Drink makes you lay it on line for team
By Hugh Farrelly
Friday April 10 2009
Good Friday? It certainly is for the off-licences.They were packed out the doors yesterday as the frantic Irish -- going nuts at the prospect of pubs being closed for a day -- squirreled home as much booze as they could carry to get them through the horrors of their 24-hour winter.
Alcohol is our religion, the pub our place of worship and drinking at home the opportunity for private prayer.
It pervades sport in this country and Britain also -- and nowhere more obviously than with rugby, as evidenced by the titles of rugby's three premier club competitions involving British and Irish sides -- the Heineken Cup, Guinness Premiership and the Magners League.
However, aside from sponsorship, drinking has always been inextricably linked with rugby's culture -- the clubhouse bar an arena where players earn their reputations as much as out on the field of play. With the physical nature of the sport putting an extra emphasis on camaraderie and bonding, it's not the ideal environment for teetotallers . . . you drink or you sink.
The pressure can be intense and the effects of succumbing to it long-lasting.
I could never claim to be religious but after making my confirmation, I was determined to keep 'the pledge' -- that Catholic underpinning of the legal decree which prohibited alcohol until the age of 18. I nearly made it too -- crumbling under the weight of an avalanche of peer pressure on a senior schools tour in 1989.
It was a particularly grizzly, experienced squad, the vast majority over the legal age, with the three o'clock shadows to prove it. I was just 17, still a fifth year, and anxious to make an impression on that three-day trip.
After the first game was won comfortably, the speeches made and ties exchanged, we retired to the now extinct 'Cois Farraige' pub on Bray's beachfront (you never forget your first).
Terrified by the prospect of my 'pledge-ability' being unearthed and equally unnerved by the daunting sight of a full pint of alcohol, when the "what are you having young fellah?" question arrived, I panicked. This led to a somewhat unusual order.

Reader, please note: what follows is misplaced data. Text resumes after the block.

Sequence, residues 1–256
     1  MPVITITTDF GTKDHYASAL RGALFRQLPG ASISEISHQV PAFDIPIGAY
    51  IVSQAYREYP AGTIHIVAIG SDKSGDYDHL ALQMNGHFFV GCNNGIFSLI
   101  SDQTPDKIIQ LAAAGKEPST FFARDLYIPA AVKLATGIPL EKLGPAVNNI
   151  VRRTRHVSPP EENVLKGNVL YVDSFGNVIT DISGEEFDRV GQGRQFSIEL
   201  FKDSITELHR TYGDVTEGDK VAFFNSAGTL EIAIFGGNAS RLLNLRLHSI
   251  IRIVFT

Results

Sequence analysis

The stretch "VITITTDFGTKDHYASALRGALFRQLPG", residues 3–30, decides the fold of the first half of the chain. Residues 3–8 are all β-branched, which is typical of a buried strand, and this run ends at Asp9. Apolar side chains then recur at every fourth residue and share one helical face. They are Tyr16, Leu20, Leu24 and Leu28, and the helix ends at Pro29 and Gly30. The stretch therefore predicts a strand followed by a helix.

"Twelve Heineken, eight Guinness, three cider and a vodka and blackcurrant for herself," said the captain, rolling his eyes in my direction. The barmaid -- impossibly exotic to my untutored eyes -- smiled over compassionately before unintentionally adding to my embarrassment.
"Vodka and black, you mean cordial?"
Cue howls of derision.
The following day, we played one of the top Leinster schools and, after the previous night's long and memorable pub debut, I was in no condition.
However, as I would discover in later years, a crippling hangover can occasionally work to your advantage for, when you run off the initial side-effects, there is a false (fleeting) feeling of euphoria which can propel you to unprecedented heights.
Thus it was that day against St Michael's. Every line-out ball stuck, every kick-off was claimed and every carry seemed to take me into clear space -- I still fell off tackles but it was vodka and black, not a miracle potion -- and shortly after half-time came what I thought was the crowning glory.
Our tight-head prop broke free and set off downfield. Halley's Comet appeared more regularly than Big Kev in open play so this development caused considerable excitement and I tore after him, screaming for the pass.
Fair play to the big man, when he was tackled, he swivelled and popped a beauty into my basket. I could see the line 10 metres ahead and rocketed towards it before producing a magnificent swallow dive for the touchdown followed immediately by an eyes-closed, fist-pumping celebration.
When I re-opened them and turned to receive my team-mates c